If you are interested in beautiful literature and storytelling, if you are interested in queer literature, if you are interested in disability literature. If you are interested in expanding your worldview and have the words that were all scrambled in your head put neatly and clearly on a page while also having some words you didn't k
Leandra Vane
I think personally I rate this book 3.5 stars but gave it the 4 stars because the writing is at times very striking and he makes his points in a very clear manner which I appreciated. The overall form of the piece was hard to place as he tackles topics ranging from disability to clear cutting, dyke identity to sexual abuse. I found myself going back and forth, being gripped to the core as he details an experience that could have been lifted from my own memory as a person with a disability to bei ...more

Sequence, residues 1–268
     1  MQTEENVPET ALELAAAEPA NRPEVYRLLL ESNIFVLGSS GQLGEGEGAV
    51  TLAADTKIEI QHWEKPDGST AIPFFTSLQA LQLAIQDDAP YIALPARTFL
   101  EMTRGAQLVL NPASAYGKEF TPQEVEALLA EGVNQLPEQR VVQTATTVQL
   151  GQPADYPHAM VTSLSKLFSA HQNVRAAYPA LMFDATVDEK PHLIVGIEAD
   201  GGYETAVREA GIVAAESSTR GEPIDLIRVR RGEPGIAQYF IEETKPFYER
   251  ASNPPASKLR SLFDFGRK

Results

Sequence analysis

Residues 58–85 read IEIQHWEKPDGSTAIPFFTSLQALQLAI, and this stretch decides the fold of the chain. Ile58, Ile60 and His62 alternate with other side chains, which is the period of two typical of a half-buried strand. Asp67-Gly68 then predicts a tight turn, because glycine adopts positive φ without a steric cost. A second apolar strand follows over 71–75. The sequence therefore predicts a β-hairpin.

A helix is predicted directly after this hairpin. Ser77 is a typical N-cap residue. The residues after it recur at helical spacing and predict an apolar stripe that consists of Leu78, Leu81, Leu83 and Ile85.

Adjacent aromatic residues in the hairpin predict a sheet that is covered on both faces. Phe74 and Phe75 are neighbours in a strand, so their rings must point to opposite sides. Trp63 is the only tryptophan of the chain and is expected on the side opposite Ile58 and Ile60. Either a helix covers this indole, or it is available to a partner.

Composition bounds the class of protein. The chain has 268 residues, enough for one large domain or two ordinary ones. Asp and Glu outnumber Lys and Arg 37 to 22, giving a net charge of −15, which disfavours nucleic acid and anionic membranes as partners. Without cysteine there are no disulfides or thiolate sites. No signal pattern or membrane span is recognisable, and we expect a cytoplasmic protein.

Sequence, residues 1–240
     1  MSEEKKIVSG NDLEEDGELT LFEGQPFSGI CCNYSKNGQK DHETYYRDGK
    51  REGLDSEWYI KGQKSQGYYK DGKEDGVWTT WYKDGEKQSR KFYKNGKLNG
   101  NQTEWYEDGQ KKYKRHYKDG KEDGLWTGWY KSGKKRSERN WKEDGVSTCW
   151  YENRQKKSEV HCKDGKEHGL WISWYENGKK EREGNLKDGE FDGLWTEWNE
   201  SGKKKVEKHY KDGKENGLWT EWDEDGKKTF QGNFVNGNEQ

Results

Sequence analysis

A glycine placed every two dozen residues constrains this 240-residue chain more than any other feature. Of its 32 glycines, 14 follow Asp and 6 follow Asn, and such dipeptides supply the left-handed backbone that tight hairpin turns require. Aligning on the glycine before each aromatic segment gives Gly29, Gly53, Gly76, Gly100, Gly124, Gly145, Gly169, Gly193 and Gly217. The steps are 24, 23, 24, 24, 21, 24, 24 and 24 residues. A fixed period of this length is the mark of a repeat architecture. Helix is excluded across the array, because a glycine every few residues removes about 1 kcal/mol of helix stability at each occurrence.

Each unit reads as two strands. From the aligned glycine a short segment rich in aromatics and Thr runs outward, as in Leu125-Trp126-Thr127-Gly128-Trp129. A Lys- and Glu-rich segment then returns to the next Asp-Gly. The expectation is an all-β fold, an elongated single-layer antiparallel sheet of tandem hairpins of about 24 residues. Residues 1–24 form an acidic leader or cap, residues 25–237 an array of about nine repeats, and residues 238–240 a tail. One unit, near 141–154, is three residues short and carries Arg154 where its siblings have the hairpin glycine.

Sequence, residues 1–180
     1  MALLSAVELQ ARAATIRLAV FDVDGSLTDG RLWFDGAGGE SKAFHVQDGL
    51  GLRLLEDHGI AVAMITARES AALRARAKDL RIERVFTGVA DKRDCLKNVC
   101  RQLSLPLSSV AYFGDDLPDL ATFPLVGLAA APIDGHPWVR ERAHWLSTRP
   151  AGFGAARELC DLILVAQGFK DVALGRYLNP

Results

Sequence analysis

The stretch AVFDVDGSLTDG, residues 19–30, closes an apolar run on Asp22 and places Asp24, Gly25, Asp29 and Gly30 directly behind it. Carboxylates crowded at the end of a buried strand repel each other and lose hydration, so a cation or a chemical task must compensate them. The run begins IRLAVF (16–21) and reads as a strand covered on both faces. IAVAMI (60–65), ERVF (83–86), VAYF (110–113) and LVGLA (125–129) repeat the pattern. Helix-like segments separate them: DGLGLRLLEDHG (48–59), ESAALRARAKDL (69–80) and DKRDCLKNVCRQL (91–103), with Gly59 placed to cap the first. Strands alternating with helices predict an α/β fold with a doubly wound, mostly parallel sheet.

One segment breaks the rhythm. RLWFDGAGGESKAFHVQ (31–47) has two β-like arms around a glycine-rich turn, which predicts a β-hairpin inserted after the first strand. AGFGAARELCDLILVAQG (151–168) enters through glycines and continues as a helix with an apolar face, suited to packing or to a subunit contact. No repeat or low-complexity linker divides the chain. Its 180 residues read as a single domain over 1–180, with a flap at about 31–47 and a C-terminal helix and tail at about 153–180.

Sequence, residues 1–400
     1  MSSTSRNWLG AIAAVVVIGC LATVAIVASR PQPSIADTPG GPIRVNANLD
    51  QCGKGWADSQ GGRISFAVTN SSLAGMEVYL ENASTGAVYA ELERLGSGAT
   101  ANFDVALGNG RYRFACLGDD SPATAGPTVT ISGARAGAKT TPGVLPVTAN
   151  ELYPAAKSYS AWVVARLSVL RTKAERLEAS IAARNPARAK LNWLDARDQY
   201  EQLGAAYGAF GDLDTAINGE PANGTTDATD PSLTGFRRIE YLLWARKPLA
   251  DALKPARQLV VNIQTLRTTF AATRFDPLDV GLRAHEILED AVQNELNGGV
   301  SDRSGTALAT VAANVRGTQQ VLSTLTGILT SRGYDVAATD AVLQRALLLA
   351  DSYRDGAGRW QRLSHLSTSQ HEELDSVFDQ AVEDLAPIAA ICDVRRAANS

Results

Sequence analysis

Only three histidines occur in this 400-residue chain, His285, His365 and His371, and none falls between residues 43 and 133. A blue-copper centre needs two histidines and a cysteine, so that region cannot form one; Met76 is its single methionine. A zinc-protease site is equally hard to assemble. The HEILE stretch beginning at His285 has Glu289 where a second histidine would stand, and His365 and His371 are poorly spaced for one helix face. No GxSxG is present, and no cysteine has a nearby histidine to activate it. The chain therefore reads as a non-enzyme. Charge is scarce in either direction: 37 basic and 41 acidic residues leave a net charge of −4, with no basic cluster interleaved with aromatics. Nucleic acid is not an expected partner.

Dec 01, 2011 Ricky rated it it was amazing
This book is like a meandering walk in the woods. It's a little long winded in some points and hard or uncomfortable or sweaty at some points. It even overdoes the metaphor like I'm doing right now. But the author has a *powerful* voice and brings complex, honest questions and thoughts and research about disability, queerness, gender, history, environmentalism, activism, etc. a fantastic book to follow after reading Dean Spade. This book, its complexities and realities, is part of the history ou ...more
Jun 13, 2008 McLean rated it it was amazing
A thought-provoking meditation on equality, liberalism, and social justice. Eli Clare examines the complicated nuances of many issues that are often treated in very black-and-white terms, discussing the moral complexities of reconciling environmental responsibility with our responsibility to rural communities whose economies are based on fishing or logging, analysing the changing attitudes towards disability in our society, and trying to tease out the relations and differences in urban / rural d ...more